Bonn: German Institute of Development and Sustainability (IDOS), The Current Column of 14 November 2022
Bonn, 14 November 2022. Politics is full of contradictions and conflicting objectives. The list of autocratic regimes that have welcomed high-ranking representatives of the German government in recent months – in what is an unprecedented time of crisis – has met with no little criticism. Many of these trips are aimed at increasing Germany’s energy security, not least via agreements designed to give it access to additional sources of fossil fuels.
Needless to say, close relations with autocracies and agreements to supply more fossil fuels are not part of a deliberate policy. Quite the reverse, in fact, as the German government has set itself the target of phasing out fossil fuels and pursuing a value-based international policy. “We shall base our foreign, security and development policy on values” is what it says in the coalition agreement. Such an ambition makes conflicts between varying objectives all the starker, not least in light of the arms deliveries to Saudi Arabia that were signed off in October.
Highlighting contradictions in the policies of the actors involved is generally not especially difficult, and this has consistently been the case with previous governments in Germany. However, it is even more true now that Russia’s policy of aggression has necessitated far-reaching changes at the drop of a hat. At the same time, a federal government that focuses on a basis of values – of all things – faces a particularly challenging time.
Development policy is underpinned by values to a greater extent than other policy fields, with humanism, Christian values, issues of international justice and other values playing a relatively prominent role. Furthermore, values and interests are not mutually exclusive, especially since neither concept is founded on notions that can be clearly delineated.
At times of fundamental upheaval, development policy has to change. With this in mind, the question of the relationship between values and interests is particularly important. Despite its theoretical nature, the question also serves as a compass for making practical decisions – making it hugely significant. After years of worrying about supply chains, will development policy have to focus more on strategic aspects of Germany’s energy and raw material supply alongside production conditions in developing countries? What is cooperation with autocratic regimes supposed to look like in light of this?
The following points should be taken into account in order to take a stance:
Firstly, value-based politics is directly relevant to credibility on the international stage: the assumption that values might have a place when the going is good but a short shelf-life in times of crisis ignores the role that trust, credibility and transparency play in international relations. The debates at the UN over Russia’s policy of aggression have underlined how double standards (such as regarding military intervention in Irak in 2003) and the lack of reform to global governance structures are directly affecting (Germany’s) security interests. Development policy has the potential to be a key policy field in cooperation with the Global South in this regard.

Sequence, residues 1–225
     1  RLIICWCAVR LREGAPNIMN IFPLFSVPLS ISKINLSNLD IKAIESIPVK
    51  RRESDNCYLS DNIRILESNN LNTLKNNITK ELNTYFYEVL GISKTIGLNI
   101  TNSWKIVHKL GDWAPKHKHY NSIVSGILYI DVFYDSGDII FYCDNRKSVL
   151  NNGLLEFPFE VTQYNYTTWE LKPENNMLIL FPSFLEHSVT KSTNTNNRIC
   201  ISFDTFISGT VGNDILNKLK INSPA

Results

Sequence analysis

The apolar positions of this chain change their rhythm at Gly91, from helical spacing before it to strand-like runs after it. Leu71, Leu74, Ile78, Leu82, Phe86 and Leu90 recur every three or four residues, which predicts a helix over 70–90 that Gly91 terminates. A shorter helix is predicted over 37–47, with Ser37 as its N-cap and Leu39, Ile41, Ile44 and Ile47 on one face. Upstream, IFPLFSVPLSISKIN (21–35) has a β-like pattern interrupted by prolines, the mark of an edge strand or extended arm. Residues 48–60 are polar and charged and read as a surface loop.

Secondly, many of the debates currently raging are too simplistic because they just revolve around a single topic: global challenges – from inequality and climate change through to the legitimacy of political power – are all difficult enough as it is and can rarely be measured in any meaningful way by dichotomous pairings (autocracies versus democracies, “North” versus “South”, etc.). For the sake of development policy, it is important to be able to handle this complexity. Simply looking at the “neediness” of a particular country (irrespective of the relevance of governance to existing problems, for instance) would be one example of such an oversimplification, as would picking governance as the sole criterion when choosing cooperation relationships. Conflicting objectives are becoming especially apparent with regard to China, where a large number of issues – connected with the economy, security, human rights and other matters – are all coming together.
Thirdly, situations involving conflicting objectives do exist and should be discussed in a transparent way: in development policy and other policy fields, whether and how contradictions are addressed makes a difference. It is the process by which interests are weighed up and priorities are set that makes politics what it is.
In an ideal scenario, politics will be based on long-term objectives and strategies to match. Multiple crises require policies to be formulated as strategies in times of far-reaching uncertainty, even if this is extremely difficult in the face of rapidly changing underlying conditions. This is evident in the groundwork being laid for Germany’s first-ever national security strategy and, similarly, the China strategy announced by the federal government. Besides the need for a longer-term focus, attention should also be paid to specific mechanisms for resolving conflicting objectives by “negotiating” within and, especially between, policy fields. Better interface management would represent a major step towards tackling conflicting objectives in German policymaking. The forthcoming strategy documents should be measured in terms of whether they can help bring about an improved policy coherence of this kind.